There have been two reported instances this week in which passengers and flight attendants aboard commercial planes were injured after the planes hit serious turbulence.
News like this can make nervous air travelers even more skittish. Here are five common tips we ve found on numerous travel websites to help you out if you have anxiety over flying.
- Turbulence is normal. You should expect it and not be surprised by it. That s why you don t often hear the pilots get on the PA to tell you about every little bump. At the same time, you should heed the advice of the flight crew and keep your seatbelt fastened at all times. Also, while you should stretch your legs on long flights, don t stand around lingering in the aisle. You never know when a big bump might happen.
- Distract yourself. Bring a laptop or tablet to work on, a DVD player, some music or suffer through the bad in-flight movie. Also, bring some kind of food to eat or candy to suck on that might distract you. You can also talk to the person next to you.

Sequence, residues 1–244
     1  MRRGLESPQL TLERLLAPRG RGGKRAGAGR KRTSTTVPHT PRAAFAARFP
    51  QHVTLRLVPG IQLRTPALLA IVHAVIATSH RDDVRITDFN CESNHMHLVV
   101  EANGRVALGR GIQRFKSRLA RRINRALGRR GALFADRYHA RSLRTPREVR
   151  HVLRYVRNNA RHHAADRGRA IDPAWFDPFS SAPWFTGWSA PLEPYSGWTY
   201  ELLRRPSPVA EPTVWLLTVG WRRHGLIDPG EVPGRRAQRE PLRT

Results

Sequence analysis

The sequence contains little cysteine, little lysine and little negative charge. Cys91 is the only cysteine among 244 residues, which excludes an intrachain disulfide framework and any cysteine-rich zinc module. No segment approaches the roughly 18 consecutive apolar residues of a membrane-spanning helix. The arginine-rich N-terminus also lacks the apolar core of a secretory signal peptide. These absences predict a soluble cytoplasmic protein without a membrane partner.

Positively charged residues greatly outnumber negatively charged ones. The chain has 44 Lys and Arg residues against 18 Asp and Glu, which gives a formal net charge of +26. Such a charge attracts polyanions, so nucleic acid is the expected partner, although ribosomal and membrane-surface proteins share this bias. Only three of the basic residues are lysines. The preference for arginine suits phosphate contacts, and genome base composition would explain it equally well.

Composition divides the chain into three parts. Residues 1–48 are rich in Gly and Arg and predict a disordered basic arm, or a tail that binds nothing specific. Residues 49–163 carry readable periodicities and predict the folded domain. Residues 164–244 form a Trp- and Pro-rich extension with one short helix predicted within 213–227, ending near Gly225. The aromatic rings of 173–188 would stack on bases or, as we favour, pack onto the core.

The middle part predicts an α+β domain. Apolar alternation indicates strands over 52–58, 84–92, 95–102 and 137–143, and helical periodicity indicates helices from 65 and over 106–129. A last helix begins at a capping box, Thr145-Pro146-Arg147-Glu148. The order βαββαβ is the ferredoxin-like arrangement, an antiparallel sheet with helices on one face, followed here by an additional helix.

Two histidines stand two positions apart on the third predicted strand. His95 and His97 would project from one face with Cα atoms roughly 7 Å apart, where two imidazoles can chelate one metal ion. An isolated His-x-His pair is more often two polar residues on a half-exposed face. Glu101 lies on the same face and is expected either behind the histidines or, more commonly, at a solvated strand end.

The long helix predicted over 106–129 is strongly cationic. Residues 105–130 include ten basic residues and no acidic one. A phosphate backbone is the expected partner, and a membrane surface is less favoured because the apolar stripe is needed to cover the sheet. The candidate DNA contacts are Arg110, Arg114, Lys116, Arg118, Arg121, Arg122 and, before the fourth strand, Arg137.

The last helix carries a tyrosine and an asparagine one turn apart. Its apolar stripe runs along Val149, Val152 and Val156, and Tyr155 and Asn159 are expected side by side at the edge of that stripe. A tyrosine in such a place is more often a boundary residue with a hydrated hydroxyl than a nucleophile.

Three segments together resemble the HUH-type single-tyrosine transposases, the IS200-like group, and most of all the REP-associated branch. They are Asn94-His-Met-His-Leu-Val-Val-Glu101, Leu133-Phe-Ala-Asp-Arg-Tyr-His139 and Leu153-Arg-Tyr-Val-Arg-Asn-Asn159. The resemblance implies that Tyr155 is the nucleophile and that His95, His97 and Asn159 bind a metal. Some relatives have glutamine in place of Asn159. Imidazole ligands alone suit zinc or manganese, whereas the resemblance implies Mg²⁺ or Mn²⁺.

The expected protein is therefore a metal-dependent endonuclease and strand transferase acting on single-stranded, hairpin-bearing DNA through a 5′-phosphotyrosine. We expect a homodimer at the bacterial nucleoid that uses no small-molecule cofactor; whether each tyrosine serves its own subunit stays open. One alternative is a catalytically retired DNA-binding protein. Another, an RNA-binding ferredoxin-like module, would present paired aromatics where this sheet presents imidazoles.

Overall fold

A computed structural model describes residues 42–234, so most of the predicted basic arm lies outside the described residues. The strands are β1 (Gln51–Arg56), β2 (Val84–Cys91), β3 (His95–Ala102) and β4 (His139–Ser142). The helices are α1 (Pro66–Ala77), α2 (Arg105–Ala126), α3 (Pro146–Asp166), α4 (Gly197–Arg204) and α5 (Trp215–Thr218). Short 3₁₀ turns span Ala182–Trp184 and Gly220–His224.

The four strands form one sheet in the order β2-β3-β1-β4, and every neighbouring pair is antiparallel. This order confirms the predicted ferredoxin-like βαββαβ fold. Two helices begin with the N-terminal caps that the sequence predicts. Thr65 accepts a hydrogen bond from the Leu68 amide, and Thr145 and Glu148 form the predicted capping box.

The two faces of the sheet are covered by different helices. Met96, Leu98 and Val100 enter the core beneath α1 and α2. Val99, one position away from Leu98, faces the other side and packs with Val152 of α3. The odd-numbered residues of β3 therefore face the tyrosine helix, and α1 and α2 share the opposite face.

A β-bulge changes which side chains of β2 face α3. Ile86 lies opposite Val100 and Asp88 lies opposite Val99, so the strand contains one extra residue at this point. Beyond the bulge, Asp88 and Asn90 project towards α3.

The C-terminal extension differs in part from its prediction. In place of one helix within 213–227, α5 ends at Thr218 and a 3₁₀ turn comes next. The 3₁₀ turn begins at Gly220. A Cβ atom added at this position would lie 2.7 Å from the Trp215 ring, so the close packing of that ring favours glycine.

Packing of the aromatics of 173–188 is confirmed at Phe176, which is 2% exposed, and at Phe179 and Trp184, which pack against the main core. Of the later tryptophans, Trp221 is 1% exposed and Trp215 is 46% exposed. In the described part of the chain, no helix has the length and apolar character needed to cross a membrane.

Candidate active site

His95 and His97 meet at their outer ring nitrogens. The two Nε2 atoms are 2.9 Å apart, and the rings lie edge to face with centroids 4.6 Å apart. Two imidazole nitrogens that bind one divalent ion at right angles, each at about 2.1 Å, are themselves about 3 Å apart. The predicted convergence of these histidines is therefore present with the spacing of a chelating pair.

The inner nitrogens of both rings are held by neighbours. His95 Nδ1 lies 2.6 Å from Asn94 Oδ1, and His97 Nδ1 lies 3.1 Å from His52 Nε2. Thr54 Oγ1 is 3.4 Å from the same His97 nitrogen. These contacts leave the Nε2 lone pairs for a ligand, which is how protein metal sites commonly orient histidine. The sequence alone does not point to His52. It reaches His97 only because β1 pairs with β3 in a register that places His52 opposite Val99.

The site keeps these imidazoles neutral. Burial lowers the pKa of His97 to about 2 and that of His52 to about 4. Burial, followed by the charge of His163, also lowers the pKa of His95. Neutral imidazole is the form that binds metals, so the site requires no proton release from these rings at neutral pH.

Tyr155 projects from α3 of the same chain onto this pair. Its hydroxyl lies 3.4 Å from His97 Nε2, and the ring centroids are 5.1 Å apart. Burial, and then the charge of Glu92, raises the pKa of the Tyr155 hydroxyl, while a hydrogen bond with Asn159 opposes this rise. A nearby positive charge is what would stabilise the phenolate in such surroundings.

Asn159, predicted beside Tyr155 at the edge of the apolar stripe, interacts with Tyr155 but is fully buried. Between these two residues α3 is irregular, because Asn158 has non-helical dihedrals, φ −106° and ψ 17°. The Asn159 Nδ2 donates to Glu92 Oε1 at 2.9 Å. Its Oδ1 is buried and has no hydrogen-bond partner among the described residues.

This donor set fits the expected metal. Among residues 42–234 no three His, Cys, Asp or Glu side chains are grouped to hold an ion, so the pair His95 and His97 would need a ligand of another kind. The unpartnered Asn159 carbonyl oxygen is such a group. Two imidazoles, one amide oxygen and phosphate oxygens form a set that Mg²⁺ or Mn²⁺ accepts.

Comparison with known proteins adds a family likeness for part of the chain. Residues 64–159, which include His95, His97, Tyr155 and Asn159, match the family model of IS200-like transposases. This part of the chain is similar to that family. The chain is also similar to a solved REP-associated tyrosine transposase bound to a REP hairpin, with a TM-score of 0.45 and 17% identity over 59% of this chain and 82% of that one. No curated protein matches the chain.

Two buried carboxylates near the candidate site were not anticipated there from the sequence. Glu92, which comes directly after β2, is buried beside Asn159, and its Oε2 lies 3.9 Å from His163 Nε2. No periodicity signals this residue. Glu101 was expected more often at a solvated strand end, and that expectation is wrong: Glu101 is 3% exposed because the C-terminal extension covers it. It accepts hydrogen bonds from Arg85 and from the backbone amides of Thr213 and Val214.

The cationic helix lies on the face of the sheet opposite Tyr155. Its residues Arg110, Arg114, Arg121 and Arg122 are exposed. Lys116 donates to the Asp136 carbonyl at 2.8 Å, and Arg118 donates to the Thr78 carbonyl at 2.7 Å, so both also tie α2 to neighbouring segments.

- Breathe. It sounds so basic, but experts swear by it. Breathe deeply in through your nose and out through your mouth as slowly as possible.
- The statistics are in your favor. Air travel is statistically the safest way to get from Point A to Point B. The Los Angeles Times reports a record-low 265 people died worldwide in air travel accidents. Compare that to the more than 30,000 that die in road traffic accidents in the U.S. annually. Also, think about something positive. Are you traveling to meet an old friend or loved one? Think about how great it s going to be when you see them.
- Avoid caffeine. You may not have a lot of options in the way of complimentary beverages, but caffeine will only add to your jitters.